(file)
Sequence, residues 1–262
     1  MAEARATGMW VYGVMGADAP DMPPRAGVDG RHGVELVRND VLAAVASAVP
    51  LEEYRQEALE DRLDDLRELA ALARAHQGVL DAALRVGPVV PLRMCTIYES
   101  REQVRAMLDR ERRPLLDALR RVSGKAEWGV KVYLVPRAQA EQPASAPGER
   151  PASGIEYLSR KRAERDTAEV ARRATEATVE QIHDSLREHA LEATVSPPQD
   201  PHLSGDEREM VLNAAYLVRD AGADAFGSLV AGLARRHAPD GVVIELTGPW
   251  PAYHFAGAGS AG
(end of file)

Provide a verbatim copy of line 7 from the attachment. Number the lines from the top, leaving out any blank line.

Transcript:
   251  PAYHFAGAGS AG